When Julie Ho and Ben Rinn of New York City wed in April, they chose craft beers representing their Texas roots (Shiner Bock) and their college years at Johns Hopkins University (from local brewer Brewer’s Art).
“A lot of weddings with beer you have your Coors Lights and your Bud Lights out,” said Ho, who hired Chef’s Expressions for the wedding at Johns Hopkins’ stately Peabody Library. “We definitely wanted to have good beers out because we do enjoy drinking good beer. And then we also wanted to make sure we included what we like.”
There’s little danger Champagne will get knocked off its bridal throne, but the craft brew buzz running through the wedding scene is yet another sign that beer – once a workingman’s beverage sold in pop-top cans – has successfully transformed into a respectable artisanal beverage suitable for nuptial toasts.
Americans have warmed up to hoppier, tangier brews, and the volume of craft beer produced nationwide has jumped 83 percent since 2005, according to the Brewers Association, a trade group. Crucially, craft beers also have proven more female friendly. Unlike mainstream beer makers – who spend millions on commercials featuring man-children and their improbably hot girlfriends – the small-batch brews offer artisanal overtones and endless flavors.
But while craft beer has been making inroads for years, wedding industry people have really noticed its presence increasing in the last year or two. Winikka explained that the tradition-bound wedding industry tends to be slow to latch on to trends. She also noted that more couples are paying for their own weddings, and thus are less bound to expectations of what others want.
Plus, beer is really fun.
“What you’re seeing is that instead of the signature cocktail – like the fruity, weird martini thing that a lot of people were doing five, 10 years ago – couples are saying, `That’s not really our style, so were going to do a beer flight at our cocktail hour,’” Winikka said.
Winikka, who is getting married in May, plans to have a beer flight at her own rehearsal dinner. Like Ho and Rinn, she and her fiance chose local beers that reflect their lives. Beers will represent where she grew up in Arizona, went she met her fiance in Kansas and where the couple lives in Brooklyn.
The brides and grooms demanding local brews are no different from the growing number of Americans scouting farmers market for local corn and grass-fed beef. And just as it has become easier to source food locally, it has become easier to find a local brewery. Jerry Edwards of Chef’s Expressions points out that unlike wine, good beer can be made anywhere.
In Chicago, that means couples asking for beverages from hometown brewers like Metropolitan Brewing and Goose Island, said Dan Scheuring, event service manager of Blue Plate catering.
“When talking to the clients they want to bring in that one Chicago `wow factor’ for their out-of-town guests,” Scheuring said.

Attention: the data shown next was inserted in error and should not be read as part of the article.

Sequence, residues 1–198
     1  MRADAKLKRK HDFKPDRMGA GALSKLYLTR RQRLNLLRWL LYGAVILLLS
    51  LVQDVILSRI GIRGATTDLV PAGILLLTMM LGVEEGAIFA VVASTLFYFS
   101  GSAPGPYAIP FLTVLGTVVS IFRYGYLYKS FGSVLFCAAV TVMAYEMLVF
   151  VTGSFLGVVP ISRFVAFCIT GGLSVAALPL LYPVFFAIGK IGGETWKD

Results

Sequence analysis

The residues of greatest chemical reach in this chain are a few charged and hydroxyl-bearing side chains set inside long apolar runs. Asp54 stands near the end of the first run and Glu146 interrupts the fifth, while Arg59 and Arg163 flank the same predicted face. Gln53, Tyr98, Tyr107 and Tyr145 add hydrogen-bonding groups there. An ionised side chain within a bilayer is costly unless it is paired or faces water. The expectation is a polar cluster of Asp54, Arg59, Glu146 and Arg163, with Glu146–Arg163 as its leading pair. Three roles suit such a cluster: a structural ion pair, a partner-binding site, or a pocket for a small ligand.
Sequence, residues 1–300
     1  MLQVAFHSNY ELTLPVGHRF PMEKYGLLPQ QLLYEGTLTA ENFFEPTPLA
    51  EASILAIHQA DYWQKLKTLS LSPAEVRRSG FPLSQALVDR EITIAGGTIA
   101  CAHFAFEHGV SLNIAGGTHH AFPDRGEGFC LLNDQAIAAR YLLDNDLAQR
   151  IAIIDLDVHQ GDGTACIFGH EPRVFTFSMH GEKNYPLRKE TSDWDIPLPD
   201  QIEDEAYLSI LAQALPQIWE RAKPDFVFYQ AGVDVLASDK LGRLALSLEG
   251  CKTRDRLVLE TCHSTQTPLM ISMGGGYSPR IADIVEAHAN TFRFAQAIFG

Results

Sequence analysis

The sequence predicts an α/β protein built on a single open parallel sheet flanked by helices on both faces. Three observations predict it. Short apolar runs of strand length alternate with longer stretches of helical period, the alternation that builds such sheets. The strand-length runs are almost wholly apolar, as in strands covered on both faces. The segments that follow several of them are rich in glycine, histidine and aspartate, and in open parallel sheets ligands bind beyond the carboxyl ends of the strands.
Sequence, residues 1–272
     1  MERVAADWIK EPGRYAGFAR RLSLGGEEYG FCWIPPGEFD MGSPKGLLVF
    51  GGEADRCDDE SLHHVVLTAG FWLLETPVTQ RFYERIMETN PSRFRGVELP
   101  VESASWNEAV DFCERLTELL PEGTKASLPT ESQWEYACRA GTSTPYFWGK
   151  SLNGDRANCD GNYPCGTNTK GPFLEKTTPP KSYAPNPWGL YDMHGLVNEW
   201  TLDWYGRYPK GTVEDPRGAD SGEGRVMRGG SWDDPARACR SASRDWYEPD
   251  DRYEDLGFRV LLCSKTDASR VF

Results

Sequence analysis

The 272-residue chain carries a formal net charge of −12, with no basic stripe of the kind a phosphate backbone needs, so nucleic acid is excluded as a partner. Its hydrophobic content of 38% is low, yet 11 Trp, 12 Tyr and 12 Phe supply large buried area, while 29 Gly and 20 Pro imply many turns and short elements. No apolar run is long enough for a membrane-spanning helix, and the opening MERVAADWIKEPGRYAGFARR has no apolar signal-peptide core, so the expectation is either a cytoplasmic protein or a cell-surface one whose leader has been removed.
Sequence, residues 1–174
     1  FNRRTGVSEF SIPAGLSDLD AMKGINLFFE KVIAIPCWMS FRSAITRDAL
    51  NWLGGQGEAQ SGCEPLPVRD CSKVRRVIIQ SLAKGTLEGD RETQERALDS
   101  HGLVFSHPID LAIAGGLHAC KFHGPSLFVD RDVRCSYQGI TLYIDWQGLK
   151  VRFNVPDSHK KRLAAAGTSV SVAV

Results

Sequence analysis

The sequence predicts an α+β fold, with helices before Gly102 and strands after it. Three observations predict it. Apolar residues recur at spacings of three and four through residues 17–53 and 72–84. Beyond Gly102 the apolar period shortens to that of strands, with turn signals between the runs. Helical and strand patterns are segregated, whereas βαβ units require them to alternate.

And some craft brewers are starting to take note of the trend.
In Albany, C.H. Evans Brewing Co. has a beer trailer suitable for pulling up to wedding receptions. Brewer’s Alley in Maryland offers a “Wedding Alt” (an altbier is a German-style brown ale) in bottles that can be customized with the newlyweds’ names.
And last month, the nation’s largest craft brewer, the makers of Samuel Adams beer, offered for one day only a “Brewlywed Ale.” It was sold in wine-sized bottles with a sparkling wine-style cork.
Can’t find the perfect beer to have and to hold on your wedding day? You can always brew your own.
Chris Lehr and his fiancee Robin made five different beers for their wedding in Austin, Texas, last year. This required a marathon 16-hour brewing day and for Lehr to truck in his kegerator (a small refrigerator built to hold a beer keg and fitted with a tap on top) to the reception.
Guests toasted the couple with Champagne while the wedding party toasted with a brown ale from northern California. But otherwise the alcohol choices were all barley-based: pale ale, India pale ale, German-style kolsch and honey hibiscus wit. They also gave away bottles of homemade porter.
“Everyone loved it. We had a few early evening casualties of people peeling off quickly because they over-enjoyed it.” Lehr said. “But all in all, we had no complaints.”
And the couple saved a growler of the porter to drink on their first anniversary.
BREWER’S LIFE: Stu McKinlay considered a career in cuisine, but decided brewing was more fun.
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Craft beer fans should be grateful that Stu McKinlay doesn’t like the idea of working a chef’s hours. The Yeastie Boys brewer briefly considered a career in cuisine a few years ago, before settling on brewing instead.
“I thought about the horrendous hours you’d work while everyone else is out having fun so it seemed less appealing than brewing, which you can do any time of the day – you can brew in the morning, night, weekends, whenever you want.”
Taking those first steps into home-brewing can be a bit scary, but the amount of information available for someone starting out is incredible, Mr McKinlay says.
Compared with when he began, the difference is remarkable. “When I first started looking into things I just had this slow dialup modem and couldn’t find much on it at all.